You have a brilliant idea that you know will definitely work, but what about your competition? Will it be difficult for a rival to copy your idea and repackage it in a better way? A potential investor will ask you this when you approach them for funding. It’s very important to understand the market you operate in and your competition.
Offer free samples of what you do to the right people, in order to get people saying good things about what you have to offer. Word of mouth (i.e. good PR) is the best way to attract new customers. If you get bad reviews or negative feedback, respond positively and fix the problem. People will be much less judgmental about mistakes if you’re willing to fix them.
Try to find the reason that your income has slowed and act accordingly. Look at your audience and situations. For example, ice cream won’t sell as well in the winter as it will in the summer. To circumvent this, you could serve something else that would do better in the winter, such as hot chocolate.
CIT and Operation HOPE Join Forces to Help Small Businesses Launch + Grow To celebrate Financial Literacy Month, CIT and Operation HOPE are partnering to educate and empower small businesses with tools and tips for success. Hear inspiring stories from a diverse group of small business owners at
You can; however first you have to make sure you have the right legal permissions in case you have to build, and some others are needed to own a hotel. You might want to check with a lawyer before starting. At the same time building an hotel or buying one requires a huge amount of money, since you have to build the building, hire people that will work for you, and do different jobs according to how big the place is. You will most likely need to start small and build your business to be larger.
Manage your time. Real time is hard to come by and it’s easy to get interrupted and lose focus on the task at hand. Set aside blocks of time during the week to catch up and consider which tasks can be delegated to be most effective. For example, administrative tasks with no immediate deadlines can be delegated or scheduled at times outside of peak hours. It can be difficult to find the time, but it’s important to schedule time to make sure you are working on your business in addition to in your business.
“If you’re going to make serious money, a corporation gives you real tax advantages,” said Consulting Canada CEO Barry Sharp. “If you’re providing a product or service that has a significant liability risk, I’d be incorporated.”
Use free resources. Your local library contains numerous useful references regarding incorporation, writing business plans, marketing, as well as information specific to your industry. The Small Business Association, Chambers of Commerce, AMEX Small Business website, associations for your industry, associations by ethnicity…all of these offer training, materials, networking and sometimes financing. Another good option is SCORE, a group of retired executives who provide business start-up advice.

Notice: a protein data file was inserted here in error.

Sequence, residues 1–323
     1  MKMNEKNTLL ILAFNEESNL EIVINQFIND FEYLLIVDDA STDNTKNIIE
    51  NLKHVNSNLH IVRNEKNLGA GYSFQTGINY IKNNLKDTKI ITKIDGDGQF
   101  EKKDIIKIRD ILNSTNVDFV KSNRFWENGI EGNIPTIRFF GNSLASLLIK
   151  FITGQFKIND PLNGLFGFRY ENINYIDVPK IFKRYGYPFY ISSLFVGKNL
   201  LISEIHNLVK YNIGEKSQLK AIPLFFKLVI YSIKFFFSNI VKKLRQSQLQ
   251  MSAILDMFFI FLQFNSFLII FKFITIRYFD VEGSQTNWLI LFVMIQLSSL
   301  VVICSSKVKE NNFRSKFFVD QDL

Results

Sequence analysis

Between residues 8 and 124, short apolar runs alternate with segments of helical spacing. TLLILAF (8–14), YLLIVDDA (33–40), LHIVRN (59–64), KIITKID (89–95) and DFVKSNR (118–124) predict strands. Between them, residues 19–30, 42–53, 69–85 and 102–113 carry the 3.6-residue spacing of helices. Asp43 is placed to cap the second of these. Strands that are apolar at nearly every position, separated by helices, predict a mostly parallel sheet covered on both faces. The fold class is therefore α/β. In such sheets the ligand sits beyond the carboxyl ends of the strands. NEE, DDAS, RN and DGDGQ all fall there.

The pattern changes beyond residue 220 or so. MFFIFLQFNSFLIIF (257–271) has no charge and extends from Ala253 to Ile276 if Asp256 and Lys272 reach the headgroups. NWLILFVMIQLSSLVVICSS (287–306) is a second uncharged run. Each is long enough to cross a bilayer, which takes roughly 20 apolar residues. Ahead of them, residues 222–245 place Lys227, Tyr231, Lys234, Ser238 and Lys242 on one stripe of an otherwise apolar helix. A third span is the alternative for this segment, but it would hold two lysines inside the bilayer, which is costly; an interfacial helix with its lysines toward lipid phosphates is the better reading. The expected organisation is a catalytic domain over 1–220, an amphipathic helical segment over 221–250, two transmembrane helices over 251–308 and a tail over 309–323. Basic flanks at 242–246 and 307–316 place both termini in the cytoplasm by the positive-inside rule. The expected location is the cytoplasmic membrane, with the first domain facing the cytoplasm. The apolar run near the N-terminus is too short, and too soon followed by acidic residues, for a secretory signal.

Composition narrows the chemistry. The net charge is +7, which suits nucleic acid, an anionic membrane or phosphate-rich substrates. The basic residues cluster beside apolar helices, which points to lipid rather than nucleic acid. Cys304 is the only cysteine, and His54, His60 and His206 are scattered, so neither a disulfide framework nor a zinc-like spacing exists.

As a would-be small-business owner, you might be eligible for an influx of funding from various government grants. Do your homework. Don’t just look for “grants,” by the way, but also awards, rebates, tax credits, industry-specific incentives, or non-repayable loans. You won’t want to overlook any potential source of funding.
Face it: many of us dream of leaving the 9-to-5 behind and going into business for ourselves. Who wouldn’t like being their own boss? Thing is, if you’re about to go all in on your killer business idea, you’re probably feeling equal parts exhilarated and overwhelmed. How do you get started?
Inventory management is often dictated by the “shelf-life” of the product you are selling. For example, if you are dealing with perishable items, it is critical to move the oldest products out of your inventory first to maximize the profits of your business.
Always start small, meaning start online, and only produce what you are sure you can sell. You can always make more if demand increases. Start by marketing yourself on social media, and start a virtual store front on a site like Etsy or eBay.
Delivering what you promise begins with how you tailor your approach to sales. If you or your sales team is offering or promising too much, your customers will be understandably disappointed when they receive or use your product or service, leading to negative reviews and bad word-of-mouth about your business. Remember, good sales tactics should be centered around identifying and understanding your customer’s needs and making them see the realized benefits that your product has, not lying to your customers and clients about the potential of your product.
Put your idea into writing. It is important to take the ideas in your head and get them down on paper. Most successful businesses offer a new product or service or fill an existing niche in the market. Whatever your reasons may be for starting a small business, make sure to clearly and concisely put them in writing.
Communicate clearly with your loved ones about how your business will affect your home life. Understand their level of tolerance and understanding, and enlist extra help, if necessary, such as child care for your family, or additional employees for your business.
With over 85,000 Twitter followers and a book that hit the bestseller list as it came off the presses, you will want to hear what Scott Stratten has to say about how small businesses can use social media and unmarketing.
The old saying, “Rome was not built in a day,” applies here. Just because you open a business doesn’t mean you’re going to immediately start making money. It takes time to let people know who you are, so stay focused on achieving your short-term goals.